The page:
The results of a theoretical study of sound equalization in enclosures at low frequencies are presented. The sound field is controlled by sources distributed in the enclosure so that a certain region has a desired complex pressure corresponding to that of a traveling plane wave. The task is the detection of the optimum positions for a number of sources in order to minimize the energy of the error over the region of control. According to the direction of propagation, the sources should be placed so as to couple with the modes that will benefit the reproduction of the plane wave (the "desired" modes) but not with those that will deteriorate it (the "undesired" modes). Simulation results in rectangular rooms and in a car cavity show the benefits of source placement in terms of reduced overall error and increased spatial robustness in the equalization process. Additional benefits, which can be derived by proper placement of the listening zone, are also discussed.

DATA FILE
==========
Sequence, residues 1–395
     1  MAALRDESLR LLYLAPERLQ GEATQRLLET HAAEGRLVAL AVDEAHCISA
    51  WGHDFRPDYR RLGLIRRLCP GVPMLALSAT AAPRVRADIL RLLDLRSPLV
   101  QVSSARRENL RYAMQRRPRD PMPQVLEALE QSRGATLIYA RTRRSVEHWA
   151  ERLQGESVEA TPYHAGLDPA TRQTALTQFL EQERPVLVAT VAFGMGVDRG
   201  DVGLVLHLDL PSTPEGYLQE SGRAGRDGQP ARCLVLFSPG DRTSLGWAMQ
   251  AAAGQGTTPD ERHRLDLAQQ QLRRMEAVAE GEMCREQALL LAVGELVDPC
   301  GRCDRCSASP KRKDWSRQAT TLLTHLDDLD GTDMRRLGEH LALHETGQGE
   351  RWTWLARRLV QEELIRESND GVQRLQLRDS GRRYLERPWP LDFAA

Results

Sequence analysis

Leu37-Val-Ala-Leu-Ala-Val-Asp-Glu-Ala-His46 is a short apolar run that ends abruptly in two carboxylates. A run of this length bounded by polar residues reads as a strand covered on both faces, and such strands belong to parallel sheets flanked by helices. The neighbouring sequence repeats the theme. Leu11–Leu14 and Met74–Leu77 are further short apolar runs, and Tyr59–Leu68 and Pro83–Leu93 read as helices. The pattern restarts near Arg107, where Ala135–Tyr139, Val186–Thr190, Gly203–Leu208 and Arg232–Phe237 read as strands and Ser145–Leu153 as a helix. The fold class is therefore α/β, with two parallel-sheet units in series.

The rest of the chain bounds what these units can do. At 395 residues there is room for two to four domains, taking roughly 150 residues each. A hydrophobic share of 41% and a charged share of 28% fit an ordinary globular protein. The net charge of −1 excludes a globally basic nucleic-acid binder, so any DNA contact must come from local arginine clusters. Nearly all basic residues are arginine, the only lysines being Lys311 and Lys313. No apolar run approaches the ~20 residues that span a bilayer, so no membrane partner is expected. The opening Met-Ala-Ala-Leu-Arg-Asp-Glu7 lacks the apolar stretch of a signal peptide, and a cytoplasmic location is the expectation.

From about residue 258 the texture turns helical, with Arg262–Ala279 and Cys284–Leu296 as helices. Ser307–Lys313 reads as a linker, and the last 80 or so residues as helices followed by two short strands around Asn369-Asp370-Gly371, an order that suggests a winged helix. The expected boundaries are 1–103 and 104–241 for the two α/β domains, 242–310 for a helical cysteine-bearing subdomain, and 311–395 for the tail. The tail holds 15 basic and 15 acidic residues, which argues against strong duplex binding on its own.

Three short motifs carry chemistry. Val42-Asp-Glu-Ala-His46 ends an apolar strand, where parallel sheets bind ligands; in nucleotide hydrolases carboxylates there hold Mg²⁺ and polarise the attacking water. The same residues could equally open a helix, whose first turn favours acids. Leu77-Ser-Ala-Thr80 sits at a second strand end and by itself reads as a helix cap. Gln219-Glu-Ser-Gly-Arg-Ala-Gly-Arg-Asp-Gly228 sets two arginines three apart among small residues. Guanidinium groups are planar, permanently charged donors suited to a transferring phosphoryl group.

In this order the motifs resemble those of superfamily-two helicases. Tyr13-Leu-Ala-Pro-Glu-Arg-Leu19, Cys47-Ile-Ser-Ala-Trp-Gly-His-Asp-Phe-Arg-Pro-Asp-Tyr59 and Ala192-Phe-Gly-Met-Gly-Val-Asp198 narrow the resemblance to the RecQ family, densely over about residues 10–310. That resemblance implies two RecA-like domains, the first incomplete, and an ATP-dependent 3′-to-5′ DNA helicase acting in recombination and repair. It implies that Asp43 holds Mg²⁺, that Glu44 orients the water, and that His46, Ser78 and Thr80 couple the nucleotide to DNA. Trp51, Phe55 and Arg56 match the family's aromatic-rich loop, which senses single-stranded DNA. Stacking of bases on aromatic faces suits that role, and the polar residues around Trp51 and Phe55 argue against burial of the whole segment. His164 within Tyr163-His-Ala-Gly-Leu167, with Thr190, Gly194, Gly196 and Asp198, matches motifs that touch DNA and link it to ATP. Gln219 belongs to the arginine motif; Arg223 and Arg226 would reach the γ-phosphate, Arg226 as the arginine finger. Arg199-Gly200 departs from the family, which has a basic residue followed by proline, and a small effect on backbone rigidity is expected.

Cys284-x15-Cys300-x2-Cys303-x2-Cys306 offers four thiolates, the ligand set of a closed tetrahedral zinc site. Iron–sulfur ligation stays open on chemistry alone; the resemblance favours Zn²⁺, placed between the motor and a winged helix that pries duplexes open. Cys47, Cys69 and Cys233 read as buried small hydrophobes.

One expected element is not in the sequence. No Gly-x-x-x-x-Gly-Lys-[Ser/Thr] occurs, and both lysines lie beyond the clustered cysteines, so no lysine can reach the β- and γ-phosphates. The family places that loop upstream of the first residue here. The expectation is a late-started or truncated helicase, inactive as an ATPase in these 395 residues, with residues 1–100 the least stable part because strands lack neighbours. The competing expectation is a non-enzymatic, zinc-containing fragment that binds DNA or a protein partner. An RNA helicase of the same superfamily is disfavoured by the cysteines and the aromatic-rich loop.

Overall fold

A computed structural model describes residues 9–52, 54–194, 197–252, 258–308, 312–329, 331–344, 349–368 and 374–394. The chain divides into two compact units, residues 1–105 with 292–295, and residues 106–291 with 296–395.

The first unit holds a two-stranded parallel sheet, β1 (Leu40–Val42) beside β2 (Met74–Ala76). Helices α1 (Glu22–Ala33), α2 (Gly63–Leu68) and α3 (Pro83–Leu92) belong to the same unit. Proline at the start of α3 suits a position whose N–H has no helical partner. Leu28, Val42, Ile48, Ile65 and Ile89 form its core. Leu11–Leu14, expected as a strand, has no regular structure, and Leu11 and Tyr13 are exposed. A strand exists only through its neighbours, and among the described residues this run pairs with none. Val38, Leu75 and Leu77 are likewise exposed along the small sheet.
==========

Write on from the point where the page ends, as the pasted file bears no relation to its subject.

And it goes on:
|Journal||A E S|
|Publication status||Published - 2008|